US forces in Afghanistan apologize for dropping ‘highly offensive’ leaflets

US forces in Afghanistan on Wednesday apologized for dropping a leaflet in northern areas of the country Tuesday depicting a dog with a Quranic verse across its body — a highly offensive image to Muslims.

The leaflet was a call to Afghans to help security forces fight terrorist groups operating in that part of the country, report CNN.

“On September 5, US forces conducted a leaflet drop in Parwan Province. The design of the leaflets mistakenly contained an image highly offensive to both Muslims and the religion of Islam,” Maj. Gen. James Linder, who heads US and NATO special forces in Afghanistan, said in a written statement. “I sincerely apologize. We have the deepest respect for Islam and our Muslim partners worldwide.”

“There is no excuse for this mistake,” Linder also said in the statement. “I am reviewing our procedures to determine the cause of this incident and to hold the responsible party accountable. Furthermore, I will make appropriate changes so this never happens again.”

Past perceived offenses against Islam have provoked deadly violence.

In 2012, the Americans apologized after copies of the Quran burned at Bagram Air Base near Kabul by mistake. The incident sparked large demonstrations in Kabul and other provinces in which several people were killed.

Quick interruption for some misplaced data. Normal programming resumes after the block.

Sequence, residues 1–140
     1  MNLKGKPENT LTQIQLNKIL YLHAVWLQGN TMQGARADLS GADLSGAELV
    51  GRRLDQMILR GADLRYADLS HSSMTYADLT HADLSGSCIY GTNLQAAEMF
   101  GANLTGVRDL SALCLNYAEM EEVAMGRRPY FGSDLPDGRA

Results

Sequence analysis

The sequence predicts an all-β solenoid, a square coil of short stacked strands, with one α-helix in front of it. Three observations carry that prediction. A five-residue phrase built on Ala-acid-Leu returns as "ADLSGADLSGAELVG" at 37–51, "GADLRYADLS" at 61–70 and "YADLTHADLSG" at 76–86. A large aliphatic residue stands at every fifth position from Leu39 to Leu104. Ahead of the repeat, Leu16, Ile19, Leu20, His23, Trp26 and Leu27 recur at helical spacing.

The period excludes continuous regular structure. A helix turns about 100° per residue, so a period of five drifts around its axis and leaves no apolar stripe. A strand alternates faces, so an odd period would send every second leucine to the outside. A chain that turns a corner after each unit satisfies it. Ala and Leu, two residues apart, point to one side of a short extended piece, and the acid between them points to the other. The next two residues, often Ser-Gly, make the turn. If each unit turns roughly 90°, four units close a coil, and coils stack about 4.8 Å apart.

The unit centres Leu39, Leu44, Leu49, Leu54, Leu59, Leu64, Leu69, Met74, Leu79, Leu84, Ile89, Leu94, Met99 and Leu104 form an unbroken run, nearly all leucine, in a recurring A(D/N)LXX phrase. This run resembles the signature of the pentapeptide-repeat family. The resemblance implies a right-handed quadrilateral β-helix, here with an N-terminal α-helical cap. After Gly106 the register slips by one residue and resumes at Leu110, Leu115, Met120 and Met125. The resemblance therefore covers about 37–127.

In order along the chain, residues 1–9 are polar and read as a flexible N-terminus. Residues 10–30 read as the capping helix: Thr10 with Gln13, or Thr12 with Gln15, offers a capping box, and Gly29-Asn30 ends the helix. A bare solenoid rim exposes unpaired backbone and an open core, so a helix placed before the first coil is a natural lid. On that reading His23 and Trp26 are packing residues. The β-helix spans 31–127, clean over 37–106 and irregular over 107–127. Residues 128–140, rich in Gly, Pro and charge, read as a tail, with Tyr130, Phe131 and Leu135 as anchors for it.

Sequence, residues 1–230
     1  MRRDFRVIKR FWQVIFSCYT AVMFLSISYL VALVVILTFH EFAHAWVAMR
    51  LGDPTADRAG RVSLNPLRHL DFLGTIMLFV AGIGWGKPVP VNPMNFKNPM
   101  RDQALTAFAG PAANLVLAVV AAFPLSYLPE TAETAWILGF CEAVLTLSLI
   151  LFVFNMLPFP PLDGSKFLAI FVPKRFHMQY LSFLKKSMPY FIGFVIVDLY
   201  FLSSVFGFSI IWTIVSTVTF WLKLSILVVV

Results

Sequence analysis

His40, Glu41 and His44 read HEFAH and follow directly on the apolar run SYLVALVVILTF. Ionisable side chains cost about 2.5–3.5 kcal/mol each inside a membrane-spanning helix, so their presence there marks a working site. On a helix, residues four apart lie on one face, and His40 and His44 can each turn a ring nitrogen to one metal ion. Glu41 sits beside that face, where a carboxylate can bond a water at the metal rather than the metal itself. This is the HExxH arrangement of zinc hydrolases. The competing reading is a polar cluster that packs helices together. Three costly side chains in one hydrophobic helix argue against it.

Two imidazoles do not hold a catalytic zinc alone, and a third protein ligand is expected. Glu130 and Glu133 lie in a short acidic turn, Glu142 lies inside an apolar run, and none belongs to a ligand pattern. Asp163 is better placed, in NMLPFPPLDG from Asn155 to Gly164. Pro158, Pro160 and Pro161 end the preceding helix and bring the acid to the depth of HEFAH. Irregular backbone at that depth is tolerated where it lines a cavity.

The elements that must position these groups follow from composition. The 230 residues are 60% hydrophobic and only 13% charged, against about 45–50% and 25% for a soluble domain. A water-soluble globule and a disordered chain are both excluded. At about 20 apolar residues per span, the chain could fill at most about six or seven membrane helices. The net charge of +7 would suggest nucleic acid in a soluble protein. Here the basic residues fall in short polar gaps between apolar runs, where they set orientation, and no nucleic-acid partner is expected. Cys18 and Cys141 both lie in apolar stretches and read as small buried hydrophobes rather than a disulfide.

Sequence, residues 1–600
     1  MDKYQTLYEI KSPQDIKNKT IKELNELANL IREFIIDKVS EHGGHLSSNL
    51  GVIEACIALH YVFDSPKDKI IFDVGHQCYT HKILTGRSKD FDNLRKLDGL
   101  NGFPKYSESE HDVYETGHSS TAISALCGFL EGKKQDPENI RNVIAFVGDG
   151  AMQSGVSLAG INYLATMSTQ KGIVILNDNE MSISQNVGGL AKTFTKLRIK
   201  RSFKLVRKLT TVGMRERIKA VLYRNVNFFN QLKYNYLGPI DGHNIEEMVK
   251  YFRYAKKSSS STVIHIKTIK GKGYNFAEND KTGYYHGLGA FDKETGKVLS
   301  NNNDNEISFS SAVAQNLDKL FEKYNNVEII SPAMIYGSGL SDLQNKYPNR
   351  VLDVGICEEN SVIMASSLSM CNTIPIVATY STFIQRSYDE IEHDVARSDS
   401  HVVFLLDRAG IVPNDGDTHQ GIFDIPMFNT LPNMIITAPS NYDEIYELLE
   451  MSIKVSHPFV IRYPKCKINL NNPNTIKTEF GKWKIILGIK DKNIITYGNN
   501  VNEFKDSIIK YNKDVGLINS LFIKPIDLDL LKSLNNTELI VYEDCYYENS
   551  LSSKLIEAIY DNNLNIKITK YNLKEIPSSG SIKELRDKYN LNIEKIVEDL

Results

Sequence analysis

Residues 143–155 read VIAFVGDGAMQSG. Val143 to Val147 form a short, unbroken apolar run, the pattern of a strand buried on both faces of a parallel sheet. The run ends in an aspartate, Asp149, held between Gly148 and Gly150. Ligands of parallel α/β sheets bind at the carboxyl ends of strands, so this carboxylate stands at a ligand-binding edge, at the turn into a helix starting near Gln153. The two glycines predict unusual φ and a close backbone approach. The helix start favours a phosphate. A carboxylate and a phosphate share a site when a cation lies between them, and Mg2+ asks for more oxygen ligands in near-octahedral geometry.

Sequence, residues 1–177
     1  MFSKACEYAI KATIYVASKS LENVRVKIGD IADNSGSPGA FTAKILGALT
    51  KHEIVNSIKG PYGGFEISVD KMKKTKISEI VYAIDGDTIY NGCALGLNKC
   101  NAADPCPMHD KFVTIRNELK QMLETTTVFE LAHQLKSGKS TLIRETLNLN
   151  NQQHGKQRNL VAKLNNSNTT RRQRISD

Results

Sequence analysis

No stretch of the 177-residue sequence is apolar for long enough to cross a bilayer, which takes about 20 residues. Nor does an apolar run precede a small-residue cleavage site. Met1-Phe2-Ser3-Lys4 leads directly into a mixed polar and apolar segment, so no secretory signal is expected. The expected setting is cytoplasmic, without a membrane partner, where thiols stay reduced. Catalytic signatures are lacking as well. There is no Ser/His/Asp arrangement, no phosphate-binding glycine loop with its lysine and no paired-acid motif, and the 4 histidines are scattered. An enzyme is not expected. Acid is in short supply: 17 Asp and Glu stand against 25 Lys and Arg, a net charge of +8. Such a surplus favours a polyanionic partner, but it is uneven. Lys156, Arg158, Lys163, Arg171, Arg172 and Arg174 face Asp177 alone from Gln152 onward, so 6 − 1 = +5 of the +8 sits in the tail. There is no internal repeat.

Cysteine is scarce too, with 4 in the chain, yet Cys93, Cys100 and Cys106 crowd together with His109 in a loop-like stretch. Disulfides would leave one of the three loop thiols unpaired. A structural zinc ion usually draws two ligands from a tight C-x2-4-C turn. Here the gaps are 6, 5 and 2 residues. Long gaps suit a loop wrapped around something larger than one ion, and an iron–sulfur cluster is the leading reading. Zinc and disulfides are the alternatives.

Following the latest incident, a US citizen was wounded Wednesday following an apparent suicide attack at an entrance gate to Bagram Air Base in northern Afghanistan, US military officials told CNN.

According to the officials, the attacker was riding a motorcycle and did not make it past any checkpoints.

Bagram District Governor Abdul Shukoor Qudosi told CNN the attacker detonated his explosives at the main entrance of the base, targeting truck suppliers.

It was not clear if the wounded US citizen was a military servicemember or a contractor.

“The explosion resulted in a small number of casualties. The casualties are being treated at Bagram medical facilities,” US Forces Afghanistan said in a statement. The statement also said: “Bagram Airfield is secure and the incident is being investigated.”

Taliban spokesman Zabiullah Mujahid said the group claimed responsibility for the attack in a text message to media, saying it was carried out as revenge for leaflets distributed by the US-led NATO forces in the area on Tuesday.

The attack comes just weeks after President Donald Trump announced that the US would expand its presence and remain in Afghanistan for the foreseeable future to prevent terrorists from taking advantage of a security vacuum in the country.

US military bases and facility throughout the world are also on high alert with the upcoming anniversary of the September 11 attacks.

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